Lee and Zak seem incredibly nervous around each other. Maybe because Lee has stolen Zak’s girlfriends in the past? Or maybe because Zak is the apple of their father’s eye? Or maybe they really don’t like each other all that much. Sometimes, you just don’t like members of your family.
Especially when those people remind you of whom you used to be. For example, Flashback Gaius has a crazy, bitter, invalid father – Julius — who torments nurse after nurse after nurse. In fact, Julius just stabbed the latest one with a steak knife, so she’s out of there. She’s a Vegan, so she’s got to go home and blog about the fact that her problem wasn’t so much with being stabbed, but rather being stabbed with a knife that had once touched meat.
As Baltar starts berating his father, Body Six walks in. That gets his dad’s attention. Baltar tries to shoo her back to the limo: “go on, be a good hooker, and stay in the limo like I told you.” Dad starts leering at her, while simultaneously talking about how Baltar is ashamed of his humble roots and his old father. Baltar cranks up the anger, ineffectually striking his dad, which only increases the taunting. Body Six looks utterly freaked up at the whole situation, no doubt thinking: “we are going to nuke you crazy frakkers SO hard!”
Eventually, Baltar has his driver take Body Six home, and decides to stay at home with dear old dad.
As predicted, Flashback Roslin’s happiness comes to a quick end: the Caprican Police knock on her door and inform her that her father and sisters were killed by a drunk driver. Roslin responds with what I think might be the only false note in this entire episode: she walks to a public fountain, wades in, and lets the water from the fountain fall upon her while she strikes a Jesus Christ pose.
We see the same shot of water falling on water that we saw while zooming into Caprica, and transition to a very slowly dripping IV. We’re back on Galactica, and the IV is slowly dripping into the dying Laura Roslin. And, as we pan up to her vitals monitor, it flatlines, and she dies.
No. Not really, but I really thought that they were going there for a second.
Speaking of dying, the gutting of the Galactica is going apace, overseen by Lee Adama with sadness and compassion. The last thing to go: the thingamajiggies that help propel the Vipers into space, because they are the “heart" of Galactica, the thingamajiggies that provide it’s major function. Also, it’s a plot point.
After the commercial, we see Bill Adama in his quarters packing stuff in boxes, which are helpfully labeled. I guess that they’re hiring movers? So if you need to reach him, the Admiral’s quarters are going to be Deck 74 of the Cylon Baseship. However, be advised that his phones and email are going to be down for at least a week, because Cylon IT is really really backed up because of this last-second move.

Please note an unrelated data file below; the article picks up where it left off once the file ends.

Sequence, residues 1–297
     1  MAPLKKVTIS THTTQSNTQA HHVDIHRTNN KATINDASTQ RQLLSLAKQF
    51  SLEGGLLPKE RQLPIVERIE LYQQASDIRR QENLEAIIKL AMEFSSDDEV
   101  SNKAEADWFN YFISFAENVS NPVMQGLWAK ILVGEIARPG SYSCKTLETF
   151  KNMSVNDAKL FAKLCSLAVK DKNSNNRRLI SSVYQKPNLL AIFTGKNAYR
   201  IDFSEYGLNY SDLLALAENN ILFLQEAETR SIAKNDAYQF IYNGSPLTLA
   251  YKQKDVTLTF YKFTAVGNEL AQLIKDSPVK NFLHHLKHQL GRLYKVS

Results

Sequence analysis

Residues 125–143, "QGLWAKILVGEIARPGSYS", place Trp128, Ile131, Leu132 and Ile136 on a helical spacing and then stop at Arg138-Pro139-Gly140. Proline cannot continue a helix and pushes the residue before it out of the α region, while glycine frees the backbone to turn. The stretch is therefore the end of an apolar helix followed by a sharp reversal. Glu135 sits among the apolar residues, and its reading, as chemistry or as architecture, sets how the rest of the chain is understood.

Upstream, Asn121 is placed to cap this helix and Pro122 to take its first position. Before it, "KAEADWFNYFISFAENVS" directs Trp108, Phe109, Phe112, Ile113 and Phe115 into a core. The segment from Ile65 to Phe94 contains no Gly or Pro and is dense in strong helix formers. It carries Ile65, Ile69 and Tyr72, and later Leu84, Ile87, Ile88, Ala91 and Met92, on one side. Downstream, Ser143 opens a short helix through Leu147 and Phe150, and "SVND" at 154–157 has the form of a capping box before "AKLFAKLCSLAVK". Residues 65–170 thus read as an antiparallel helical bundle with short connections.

Life of Baltar. Paulla (whose last name, according to Battlestar Wiki, is hilariously “Schaffer”) is excited: apparently some kind of tipping point has been reached in the number of Baltar’s followers, and Paulla thinks that Gaius should ask for representation in the government for him and his followers. Gaius consults with Head Six, and she agrees with everything that Paulla says. In fact, says Head Six, scarily: “Humanity’s final chapter is about to be written. And you – you – will be its author.” Yeahhhh, OK, creepshow.
Back on pre-Fall Caprica, Body Six is equally scary. Flashback Baltar has brought home another conquest or hooker or groupie, only to find Body Six just sitting in his front room. If she acted like this while she was still alive, no wonder he pretty much took it in stride when she started appearing to him after she died. Baltar is just about to call the cops when she says that she found a nice place for his cranky old dad to live.
Not only that, she insinuates that she, er “encouraged” his father to go live at the nice place in that special Body Six way. On the whole, Gaius thinks that it’s a fair trade, probably glad that his dad got some, and is obviously impressed at how she pulled the whole thing off. Not so impressed, however, that he sends the other girl home or anything. I mean, c’mon, there are limits. Nevertheless, we have the first glimmer of the ruthless way that Body Six gained Baltar’s trust enough that he gave her the launch codes.
I read some speculation that the nice place was essentially Puppy Lake, but it doesn’t make sense: she’s trying to build a relationship with Baltar – gain his trust — and while he despises his father, I doubt that Baltar wants him dead. So that’s too much of a risk for Body Six to take.
On Galactica, in Sam’s Hybrid Haven, Kara has figured out something very, very important: Music is Math. Sam, currently unplugged, has no comment.
In CIC: Tigh tells Hoshi that Adama plans to fly the very last Viper that leaves Galactica.
In the Brig: Karl Agathon and Galen Tyrol are discussing their twin Sexy Killer Robot lovers. Specifically, they’re talking about trust. As in “Should you trust a Sexy Killer Robot?" Tyrol is currently agin’ it. Because he’s trusted one again and again, and is – in his own words – “a frakkin’ idiot” — for doing so. Helo is currently pro-trust. Because he just betrayed the trust of his Sexy Killer Robot by banging Tyrol’s Sexy Killer Robot. Who then stole Helo’s child and spirited her to Cavil’s Holiday Camp.